What is art conservation? The conservators of Shelburne Museum are responsible for protecting the parts, colors, and surfaces of all 150,000 pieces within the Museum’s collection! This week, I joined the Quack Pack during their visit to the conservation lab to meet Capricorn, a beautifully designed Dentzel carousel goat made in the early 1900s. Nearly fifty years ago, a thin coat of linseed oil--an oil made from flax that is commonly used in treating and preserving wood--was put on Capricorn's body as a protective cover from time, harsh sunlight, as well as dust and dirt. Unfortunately, the linseed oil has done more harm than good! It has left a dark, grimy coat on his once-polished body. Here in the Conservation lab, intern Courtney is working hard to bring back Capricorn’s fine details and bright colors.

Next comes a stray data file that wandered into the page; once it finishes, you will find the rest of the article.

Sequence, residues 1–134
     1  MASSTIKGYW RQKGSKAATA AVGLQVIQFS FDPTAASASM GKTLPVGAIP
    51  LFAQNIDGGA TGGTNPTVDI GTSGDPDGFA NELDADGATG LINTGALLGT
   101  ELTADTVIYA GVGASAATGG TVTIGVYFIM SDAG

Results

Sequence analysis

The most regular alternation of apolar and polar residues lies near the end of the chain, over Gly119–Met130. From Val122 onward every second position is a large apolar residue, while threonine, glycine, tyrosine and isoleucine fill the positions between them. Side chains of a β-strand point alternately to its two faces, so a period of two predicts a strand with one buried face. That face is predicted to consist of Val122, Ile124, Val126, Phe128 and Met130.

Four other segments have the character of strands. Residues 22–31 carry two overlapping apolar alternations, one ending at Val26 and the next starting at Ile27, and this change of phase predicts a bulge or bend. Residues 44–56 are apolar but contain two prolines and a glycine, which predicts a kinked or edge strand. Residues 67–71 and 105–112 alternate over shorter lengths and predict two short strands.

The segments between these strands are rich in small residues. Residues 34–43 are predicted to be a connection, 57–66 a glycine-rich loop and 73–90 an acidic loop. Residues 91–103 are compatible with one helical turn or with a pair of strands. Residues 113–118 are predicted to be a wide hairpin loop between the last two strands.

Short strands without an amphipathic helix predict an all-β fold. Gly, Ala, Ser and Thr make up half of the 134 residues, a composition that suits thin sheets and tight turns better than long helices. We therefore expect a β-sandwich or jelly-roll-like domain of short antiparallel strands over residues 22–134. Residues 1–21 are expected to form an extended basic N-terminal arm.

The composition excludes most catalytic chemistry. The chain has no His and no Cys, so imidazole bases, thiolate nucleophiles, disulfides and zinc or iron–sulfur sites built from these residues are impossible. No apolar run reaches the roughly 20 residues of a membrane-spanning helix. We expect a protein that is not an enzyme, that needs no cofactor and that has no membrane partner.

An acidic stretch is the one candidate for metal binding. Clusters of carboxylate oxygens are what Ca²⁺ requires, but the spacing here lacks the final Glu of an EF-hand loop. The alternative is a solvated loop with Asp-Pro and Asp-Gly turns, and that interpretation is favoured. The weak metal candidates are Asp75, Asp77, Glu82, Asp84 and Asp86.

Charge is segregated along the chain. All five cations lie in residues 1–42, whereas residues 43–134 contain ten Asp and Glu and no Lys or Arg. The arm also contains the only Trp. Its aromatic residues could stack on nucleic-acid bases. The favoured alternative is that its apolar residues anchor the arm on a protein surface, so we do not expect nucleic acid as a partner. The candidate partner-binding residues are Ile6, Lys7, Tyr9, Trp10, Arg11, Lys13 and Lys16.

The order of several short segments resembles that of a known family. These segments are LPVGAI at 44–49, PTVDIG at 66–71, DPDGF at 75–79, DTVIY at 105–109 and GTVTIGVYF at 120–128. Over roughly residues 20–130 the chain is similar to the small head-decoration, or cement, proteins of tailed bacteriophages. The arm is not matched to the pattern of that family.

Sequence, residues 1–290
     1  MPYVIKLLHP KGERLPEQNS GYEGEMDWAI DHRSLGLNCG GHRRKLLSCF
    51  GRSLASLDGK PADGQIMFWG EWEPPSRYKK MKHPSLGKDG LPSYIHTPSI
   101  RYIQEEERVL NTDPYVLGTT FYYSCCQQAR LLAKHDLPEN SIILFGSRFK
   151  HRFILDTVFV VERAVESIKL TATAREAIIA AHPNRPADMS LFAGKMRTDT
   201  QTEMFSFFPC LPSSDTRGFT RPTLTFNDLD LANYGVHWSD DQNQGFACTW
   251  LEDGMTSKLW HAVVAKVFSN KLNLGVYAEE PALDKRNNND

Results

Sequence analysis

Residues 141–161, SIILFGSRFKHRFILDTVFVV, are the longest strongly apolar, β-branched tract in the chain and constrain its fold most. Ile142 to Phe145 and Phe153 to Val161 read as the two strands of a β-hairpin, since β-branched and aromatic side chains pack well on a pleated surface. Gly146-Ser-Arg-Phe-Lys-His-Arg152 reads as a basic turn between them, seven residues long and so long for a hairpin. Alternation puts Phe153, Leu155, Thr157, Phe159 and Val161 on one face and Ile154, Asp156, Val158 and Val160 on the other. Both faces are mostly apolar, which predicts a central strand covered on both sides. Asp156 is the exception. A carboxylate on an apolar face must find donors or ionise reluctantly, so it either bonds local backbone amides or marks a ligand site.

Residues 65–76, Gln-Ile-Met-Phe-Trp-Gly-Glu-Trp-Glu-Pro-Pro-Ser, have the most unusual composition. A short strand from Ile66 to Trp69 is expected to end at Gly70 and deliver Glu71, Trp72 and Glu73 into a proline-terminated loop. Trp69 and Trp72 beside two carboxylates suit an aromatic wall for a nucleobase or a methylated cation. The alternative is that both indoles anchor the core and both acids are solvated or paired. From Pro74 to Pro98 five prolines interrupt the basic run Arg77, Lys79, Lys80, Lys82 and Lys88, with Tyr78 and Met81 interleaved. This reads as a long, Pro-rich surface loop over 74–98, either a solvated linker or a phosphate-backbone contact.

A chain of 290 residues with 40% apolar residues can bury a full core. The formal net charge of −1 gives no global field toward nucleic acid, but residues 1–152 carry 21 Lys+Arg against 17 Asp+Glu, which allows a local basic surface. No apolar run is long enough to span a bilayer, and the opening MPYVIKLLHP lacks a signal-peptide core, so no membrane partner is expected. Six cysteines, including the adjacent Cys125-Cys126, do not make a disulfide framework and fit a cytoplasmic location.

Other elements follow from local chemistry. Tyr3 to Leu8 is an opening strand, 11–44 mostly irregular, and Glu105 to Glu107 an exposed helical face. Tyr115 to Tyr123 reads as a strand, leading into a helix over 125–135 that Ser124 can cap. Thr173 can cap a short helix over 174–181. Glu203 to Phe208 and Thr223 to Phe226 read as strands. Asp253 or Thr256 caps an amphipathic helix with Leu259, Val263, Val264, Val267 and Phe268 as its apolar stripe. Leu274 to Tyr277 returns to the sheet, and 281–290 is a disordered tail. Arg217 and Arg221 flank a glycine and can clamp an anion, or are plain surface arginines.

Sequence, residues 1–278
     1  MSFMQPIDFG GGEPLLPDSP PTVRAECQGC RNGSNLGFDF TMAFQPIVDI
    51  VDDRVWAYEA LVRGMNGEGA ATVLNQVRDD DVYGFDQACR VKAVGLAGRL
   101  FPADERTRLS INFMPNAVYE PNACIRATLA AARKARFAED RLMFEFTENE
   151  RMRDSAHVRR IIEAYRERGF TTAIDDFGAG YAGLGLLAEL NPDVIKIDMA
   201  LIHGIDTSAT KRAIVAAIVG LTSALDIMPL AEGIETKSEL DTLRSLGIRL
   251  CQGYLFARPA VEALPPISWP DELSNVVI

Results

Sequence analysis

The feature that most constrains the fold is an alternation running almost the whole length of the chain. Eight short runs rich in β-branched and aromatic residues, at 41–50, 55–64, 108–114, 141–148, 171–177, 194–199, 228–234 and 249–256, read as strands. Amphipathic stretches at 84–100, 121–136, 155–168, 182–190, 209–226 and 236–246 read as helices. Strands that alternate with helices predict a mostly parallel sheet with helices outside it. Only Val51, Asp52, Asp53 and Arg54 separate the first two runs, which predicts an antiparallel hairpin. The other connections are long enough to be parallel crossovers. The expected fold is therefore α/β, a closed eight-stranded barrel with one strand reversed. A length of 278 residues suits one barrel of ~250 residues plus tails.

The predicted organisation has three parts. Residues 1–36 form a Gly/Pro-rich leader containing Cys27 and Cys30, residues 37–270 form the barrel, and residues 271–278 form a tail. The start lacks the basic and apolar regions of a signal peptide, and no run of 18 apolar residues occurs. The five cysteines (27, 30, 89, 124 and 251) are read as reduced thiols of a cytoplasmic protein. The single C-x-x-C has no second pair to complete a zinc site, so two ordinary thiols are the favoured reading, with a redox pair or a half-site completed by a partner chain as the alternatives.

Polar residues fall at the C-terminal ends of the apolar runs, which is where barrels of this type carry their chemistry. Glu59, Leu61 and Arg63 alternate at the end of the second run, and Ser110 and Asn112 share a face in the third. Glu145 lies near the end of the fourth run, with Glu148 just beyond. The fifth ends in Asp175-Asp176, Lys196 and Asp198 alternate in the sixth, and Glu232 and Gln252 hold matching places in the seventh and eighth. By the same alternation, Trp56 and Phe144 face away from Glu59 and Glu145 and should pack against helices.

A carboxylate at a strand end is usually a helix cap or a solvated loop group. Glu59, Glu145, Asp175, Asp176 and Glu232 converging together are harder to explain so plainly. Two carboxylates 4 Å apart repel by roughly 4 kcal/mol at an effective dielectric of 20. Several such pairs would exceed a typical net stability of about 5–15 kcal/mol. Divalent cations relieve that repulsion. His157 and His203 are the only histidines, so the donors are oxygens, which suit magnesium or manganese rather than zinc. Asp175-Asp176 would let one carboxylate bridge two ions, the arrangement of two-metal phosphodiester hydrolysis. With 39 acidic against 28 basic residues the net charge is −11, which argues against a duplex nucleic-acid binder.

Figures like Capricorn can take up to forty days to clean! Here, I watch as Courtney removes dark linseed oil from Capricorn’s coat. After Capricorn’s transformation is complete, another Dentzel carousel figure from Shelburne Museum’s collection will receive the same makeover thanks to donors and interns like Courtney. You can keep track of Capricorn’s transformation by checking in each week to his Flickr feed!
Courtney’s favorite part of conservation is the element of discovery. What combination of gels and liquids will remove the dark brown linseed oil from Capricorn’s once-shiny coat? She tests and retests, carefully discovering mixes that bring out the best in the carousel goat.
Visit the Circus Building to view some recently restored circus figures! With three weeks left of his cleaning, Capricorn will return to his carousel pals in no time.